We understand towers too are one of the common characteristics of the farmsteads. The existence of four towers in every corner of the walls surrounding the farms in Çildiremez and Keşlitürkmenli reinforces the fortified appearance of the farms. On the other hand, there are some farms where there is only one tower situated in one of the corners of the wall around the farmstead. In some of the farmsteads, although the farm itself has no towers, the need for one is met by constructing the farm house in the form of a tower. In Byzantine sources, it is suggested that the fortified farmsteads, also referred to as limitanei in these sources, are the dwellings of the military settlers. However, we propose that these fortified farmsteads in Rough Cilicia were used either by landlords or by the owners of the farms rather than the military settlers, as was the case in Philistine.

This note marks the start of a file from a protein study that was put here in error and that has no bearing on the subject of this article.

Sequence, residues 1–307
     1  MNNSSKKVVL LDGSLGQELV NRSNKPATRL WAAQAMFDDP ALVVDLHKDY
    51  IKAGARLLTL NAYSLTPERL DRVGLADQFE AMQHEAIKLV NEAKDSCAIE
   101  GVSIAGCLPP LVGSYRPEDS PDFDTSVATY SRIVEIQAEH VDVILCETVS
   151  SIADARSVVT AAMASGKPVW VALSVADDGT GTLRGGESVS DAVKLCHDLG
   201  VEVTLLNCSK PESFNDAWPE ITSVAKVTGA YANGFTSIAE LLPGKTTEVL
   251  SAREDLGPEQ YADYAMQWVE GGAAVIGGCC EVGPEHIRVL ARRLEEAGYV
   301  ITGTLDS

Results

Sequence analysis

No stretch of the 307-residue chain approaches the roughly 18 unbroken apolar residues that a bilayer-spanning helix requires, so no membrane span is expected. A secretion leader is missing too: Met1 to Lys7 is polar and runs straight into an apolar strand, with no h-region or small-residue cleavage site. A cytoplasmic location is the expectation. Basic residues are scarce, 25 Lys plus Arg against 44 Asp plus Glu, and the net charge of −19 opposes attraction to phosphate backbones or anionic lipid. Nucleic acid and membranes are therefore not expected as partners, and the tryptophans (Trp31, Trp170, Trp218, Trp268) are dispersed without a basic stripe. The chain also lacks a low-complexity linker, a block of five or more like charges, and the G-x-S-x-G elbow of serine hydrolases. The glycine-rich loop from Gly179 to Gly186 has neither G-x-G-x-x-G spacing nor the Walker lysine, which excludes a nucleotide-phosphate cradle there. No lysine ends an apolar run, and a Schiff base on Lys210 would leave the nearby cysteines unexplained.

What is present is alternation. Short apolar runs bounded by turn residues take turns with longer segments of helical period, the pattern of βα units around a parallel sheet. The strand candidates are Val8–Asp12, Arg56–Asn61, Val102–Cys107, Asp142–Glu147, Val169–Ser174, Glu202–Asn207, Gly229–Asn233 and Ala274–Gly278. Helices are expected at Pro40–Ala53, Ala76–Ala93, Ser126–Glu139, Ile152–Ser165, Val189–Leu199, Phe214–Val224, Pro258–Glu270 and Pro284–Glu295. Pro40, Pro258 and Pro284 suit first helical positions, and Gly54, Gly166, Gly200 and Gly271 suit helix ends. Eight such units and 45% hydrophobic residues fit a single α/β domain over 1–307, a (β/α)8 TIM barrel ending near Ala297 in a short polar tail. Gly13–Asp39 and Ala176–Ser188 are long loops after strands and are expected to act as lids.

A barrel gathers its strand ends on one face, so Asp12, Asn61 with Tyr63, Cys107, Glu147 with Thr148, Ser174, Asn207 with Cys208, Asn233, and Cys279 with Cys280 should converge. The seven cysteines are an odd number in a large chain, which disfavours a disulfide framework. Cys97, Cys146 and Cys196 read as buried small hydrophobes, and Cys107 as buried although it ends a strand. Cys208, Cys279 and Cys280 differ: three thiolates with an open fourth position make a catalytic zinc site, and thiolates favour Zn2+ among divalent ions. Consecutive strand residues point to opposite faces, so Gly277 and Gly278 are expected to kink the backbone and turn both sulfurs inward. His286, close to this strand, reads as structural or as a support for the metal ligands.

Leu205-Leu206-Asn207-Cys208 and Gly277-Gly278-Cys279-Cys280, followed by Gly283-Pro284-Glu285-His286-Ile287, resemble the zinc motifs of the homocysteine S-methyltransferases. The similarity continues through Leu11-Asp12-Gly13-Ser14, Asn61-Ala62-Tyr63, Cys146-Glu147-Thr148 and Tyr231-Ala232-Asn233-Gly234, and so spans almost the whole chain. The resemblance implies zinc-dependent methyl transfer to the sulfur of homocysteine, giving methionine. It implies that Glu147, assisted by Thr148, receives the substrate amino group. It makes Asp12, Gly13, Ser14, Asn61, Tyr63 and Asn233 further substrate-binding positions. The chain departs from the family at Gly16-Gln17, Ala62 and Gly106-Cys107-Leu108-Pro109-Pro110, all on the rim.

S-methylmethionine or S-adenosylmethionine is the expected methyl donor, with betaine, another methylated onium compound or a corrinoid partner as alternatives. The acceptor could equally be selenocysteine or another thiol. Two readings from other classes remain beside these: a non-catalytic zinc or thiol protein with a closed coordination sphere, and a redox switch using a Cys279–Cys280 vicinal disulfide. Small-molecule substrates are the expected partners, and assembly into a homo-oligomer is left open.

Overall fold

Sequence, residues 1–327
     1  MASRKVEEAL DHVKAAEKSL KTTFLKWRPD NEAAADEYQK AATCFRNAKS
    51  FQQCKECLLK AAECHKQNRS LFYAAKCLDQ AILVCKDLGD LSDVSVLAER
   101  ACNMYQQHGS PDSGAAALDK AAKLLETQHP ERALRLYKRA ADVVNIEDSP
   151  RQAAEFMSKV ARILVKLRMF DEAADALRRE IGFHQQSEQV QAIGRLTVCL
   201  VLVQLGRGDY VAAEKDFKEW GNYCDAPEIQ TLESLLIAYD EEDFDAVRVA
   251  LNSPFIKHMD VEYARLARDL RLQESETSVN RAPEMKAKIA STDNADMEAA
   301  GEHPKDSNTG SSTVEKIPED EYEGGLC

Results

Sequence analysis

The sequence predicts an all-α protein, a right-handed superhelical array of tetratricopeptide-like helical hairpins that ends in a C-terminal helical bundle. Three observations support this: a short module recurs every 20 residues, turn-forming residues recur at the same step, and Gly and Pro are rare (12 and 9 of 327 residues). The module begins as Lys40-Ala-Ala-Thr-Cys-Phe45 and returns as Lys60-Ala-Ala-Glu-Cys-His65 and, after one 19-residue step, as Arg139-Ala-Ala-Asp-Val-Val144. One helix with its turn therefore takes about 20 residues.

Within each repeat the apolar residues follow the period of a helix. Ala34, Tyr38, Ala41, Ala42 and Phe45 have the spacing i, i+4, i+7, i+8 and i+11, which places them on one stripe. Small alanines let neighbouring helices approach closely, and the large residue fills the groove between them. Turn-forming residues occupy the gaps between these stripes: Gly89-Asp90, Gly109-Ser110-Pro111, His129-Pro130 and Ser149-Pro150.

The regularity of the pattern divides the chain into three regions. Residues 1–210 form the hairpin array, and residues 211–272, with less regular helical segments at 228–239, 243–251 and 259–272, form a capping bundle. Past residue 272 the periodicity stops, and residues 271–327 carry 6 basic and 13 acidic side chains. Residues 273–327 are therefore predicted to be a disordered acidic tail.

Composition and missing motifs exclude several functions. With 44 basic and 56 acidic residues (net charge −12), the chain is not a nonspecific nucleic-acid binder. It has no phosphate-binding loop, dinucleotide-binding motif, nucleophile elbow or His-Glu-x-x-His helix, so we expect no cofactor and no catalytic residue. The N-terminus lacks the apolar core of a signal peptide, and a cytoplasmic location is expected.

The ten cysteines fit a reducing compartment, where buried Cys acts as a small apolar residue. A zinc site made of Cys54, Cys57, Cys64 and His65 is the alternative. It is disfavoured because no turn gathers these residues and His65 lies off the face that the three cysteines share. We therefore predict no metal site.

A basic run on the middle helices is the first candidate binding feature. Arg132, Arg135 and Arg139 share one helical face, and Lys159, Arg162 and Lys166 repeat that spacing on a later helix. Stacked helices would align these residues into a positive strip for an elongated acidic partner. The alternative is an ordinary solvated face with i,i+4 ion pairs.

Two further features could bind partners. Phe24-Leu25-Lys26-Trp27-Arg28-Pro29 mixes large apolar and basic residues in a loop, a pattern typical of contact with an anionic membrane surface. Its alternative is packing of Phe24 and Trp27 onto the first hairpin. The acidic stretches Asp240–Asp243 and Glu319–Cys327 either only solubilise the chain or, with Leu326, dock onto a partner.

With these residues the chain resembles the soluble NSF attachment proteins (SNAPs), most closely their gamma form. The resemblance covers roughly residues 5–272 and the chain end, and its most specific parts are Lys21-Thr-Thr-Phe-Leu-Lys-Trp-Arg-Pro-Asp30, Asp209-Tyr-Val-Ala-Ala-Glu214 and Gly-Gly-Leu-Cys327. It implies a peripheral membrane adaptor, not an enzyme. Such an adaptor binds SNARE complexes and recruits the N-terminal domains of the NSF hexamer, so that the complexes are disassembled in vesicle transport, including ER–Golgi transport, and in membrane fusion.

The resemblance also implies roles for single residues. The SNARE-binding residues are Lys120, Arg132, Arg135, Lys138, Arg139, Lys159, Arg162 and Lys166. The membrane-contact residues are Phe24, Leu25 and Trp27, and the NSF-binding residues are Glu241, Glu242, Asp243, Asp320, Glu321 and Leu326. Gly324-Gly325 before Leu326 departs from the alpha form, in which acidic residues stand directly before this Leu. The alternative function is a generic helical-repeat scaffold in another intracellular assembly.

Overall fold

We have also discovered many houses in the farmsteads. Most of these houses must have been added in later periods, which not only shows that the farmsteads were continuously in use throughout all the periods but also makes it possible to consider some of the farmsteads as small villages in the early Byzantine Period.
It is noteworthy that there are also churches in these farmsteads. It is quite obvious from the location of the churches and the construction techniques that the churches were added to the farmstead in later periods. The existence of tombs in the farmsteads signals the permanence of life; one can observe different types of tombs in the farmsteads. There are a few sarcophagi and generally only one monumental tomb in the farmsteads.